Vietnamese food is marked as a French influence on traditional Southeast Asian ingredients. Unlike many other Southeast Asian cuisines, Vietnamese food is not spicy but instead has a distinctly sour flavor profile. A major characteristic of the cuisine is a textural dichotomy between chewy and crunchy elements. Vietnamese is often seen as a healthy cuisine, extensively using rice and rice noodles as its primary carbohydrate and featuring lots of herbs.
The Vietnamese trace their roots back to migrants from southern China. Most of, what is now northern Vietnam, was ruled by China for many years. As it gained independence from China in the 10th century the Great Viet (Đại Việt) nation was formed in northern Vietnam. Similarly, in southern Vietnam, the Champa kingdom had taken over to fill the void. The Đại Việt eventually "merged" with the Champa kingdom, albeit with some back and forth, and these people groups ruled over modern Vietnam for almost 1,000 years until the French colonized the nation in 1858. In the Mekong Delta area of the south, the Cambodian Khmer kingdom ruled for much of this time. The three major regions of the country, northern, central, and southern, can be found in the history of the Đại Việt, Champa, and Khmer kingdoms that ruled for these 1,000 years. The French ruled from about 1858 until 1945 when Vietnam became an independent nation. This history of the Chinese rule, Đại Việt in the north, Chams in central Vietnam, Cambodians in the south, and French influence during colonization culminates in the unique Vietnamese gastronomy we see today.
The sour taste in many Vietnamese dishes comes from the fish sauce, oyster sauce, fermented shrimp paste, and limes used as a base for most Vietnamese cuisine. A combination of these entities is in almost every major dish with either Jasmine rice or rice noodles. The Vietnamese frequently use rice noodles, also called vermicelli (or bún in Vietnamese), as much as possible. Rice noodles are incorporated inside some spring rolls and used as the external wrapping for other spring rolls. It is the noodle for practically all soups and can be a base for grilled meats. The rice noodle is synonymous with Vietnamese cuisine and is used to its full extent.
Additionally, you will find the following list of spices throughout the cuisine: star anise, black peppercorns, cardamom, turmeric, and bird’s-eye chile. Herbs are extremely common to be served alongside the main dish or as a garnish on top. The most common herbs used in Vietnam are rau răm (Vietnamese cilantro), Thai basil, culantro, lemongrass, green onions, rice paddy herb, shiso, and mint.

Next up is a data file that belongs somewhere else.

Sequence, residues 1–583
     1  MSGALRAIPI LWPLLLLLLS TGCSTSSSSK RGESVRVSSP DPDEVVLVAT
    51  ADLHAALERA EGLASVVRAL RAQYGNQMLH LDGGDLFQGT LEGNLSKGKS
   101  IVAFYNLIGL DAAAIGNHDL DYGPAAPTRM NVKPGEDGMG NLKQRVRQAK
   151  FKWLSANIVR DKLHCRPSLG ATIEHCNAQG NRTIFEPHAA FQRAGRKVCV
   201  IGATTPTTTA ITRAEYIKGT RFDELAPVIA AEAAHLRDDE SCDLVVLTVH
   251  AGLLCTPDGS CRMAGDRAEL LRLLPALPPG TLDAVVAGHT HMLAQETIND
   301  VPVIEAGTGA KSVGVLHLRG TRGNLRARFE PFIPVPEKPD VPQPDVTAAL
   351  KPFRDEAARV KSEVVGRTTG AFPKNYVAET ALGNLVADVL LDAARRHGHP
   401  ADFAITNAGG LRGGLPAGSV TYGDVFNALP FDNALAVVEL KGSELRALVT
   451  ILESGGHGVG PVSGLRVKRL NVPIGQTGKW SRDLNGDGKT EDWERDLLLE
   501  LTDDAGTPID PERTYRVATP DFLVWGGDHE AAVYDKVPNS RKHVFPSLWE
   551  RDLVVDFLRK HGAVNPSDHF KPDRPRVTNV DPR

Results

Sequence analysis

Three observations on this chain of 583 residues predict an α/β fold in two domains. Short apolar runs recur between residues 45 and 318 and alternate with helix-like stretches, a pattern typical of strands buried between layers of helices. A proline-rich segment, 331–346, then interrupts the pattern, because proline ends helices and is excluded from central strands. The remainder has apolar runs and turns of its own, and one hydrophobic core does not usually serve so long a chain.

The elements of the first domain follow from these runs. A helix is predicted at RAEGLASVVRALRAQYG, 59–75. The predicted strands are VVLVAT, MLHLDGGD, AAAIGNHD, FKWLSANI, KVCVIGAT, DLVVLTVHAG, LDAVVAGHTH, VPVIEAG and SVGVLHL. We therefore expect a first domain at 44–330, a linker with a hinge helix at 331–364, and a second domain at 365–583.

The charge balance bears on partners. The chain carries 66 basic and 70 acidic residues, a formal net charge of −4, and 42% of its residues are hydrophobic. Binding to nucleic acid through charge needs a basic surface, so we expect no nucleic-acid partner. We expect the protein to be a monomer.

Fish & Oyster Sauce
Fermented Shrimp Paste
Rice Noodles / Vermicelli (Bún)
Pho is the international dish of Vietnam. Vietnam has a variety of soup noodle dishes that we will explore before, but Pho is the one that has become the star on the international stage. Pho is a rice noodle dish in a beef broth of garlic, star anise, clove, and cinnamon filled with herbs and meat. While it originated in the north, it has become universally popular in Vietnam as well as abroad. Minor regional differences are that bowls from the north are simpler with just the beef and ginger with chilis and limes on the side, while bowls from the south pack fresh herbs like basil and bean sprouts in the soup. While Pho is the iconic king of Vietnamese cuisine, I personally prefer other Vietnamese soup and noodle dishes to Pho, so make sure to try some other similar regional dishes.
Coming in a close second for international glory is the Vietnamese sandwich- the Bánh Mì. A Bánh Mì sandwich includes pork, cilantro, cucumber, pickled carrots, pickled daikon with pâté, red chili, and mayonnaise inside of a short baguette roll. Bánh Mì is a perfect example of the fusion of French and traditional Vietnamese cultures in Vietnamese gastronomy today. Today, people have tried a variety of adventurous takes on the sandwich: adding a fried egg or even quail eggs, substituting pork for chicken or beef, or elevating the ingredients to include higher and higher quality cuts of pork. They are served on what feels like every street in every major city in Vietnam, so grab one any time of day for a wonderful snack.
Gỏi Cuốn / Nem Cuốn and Chả Giò / Nem Rán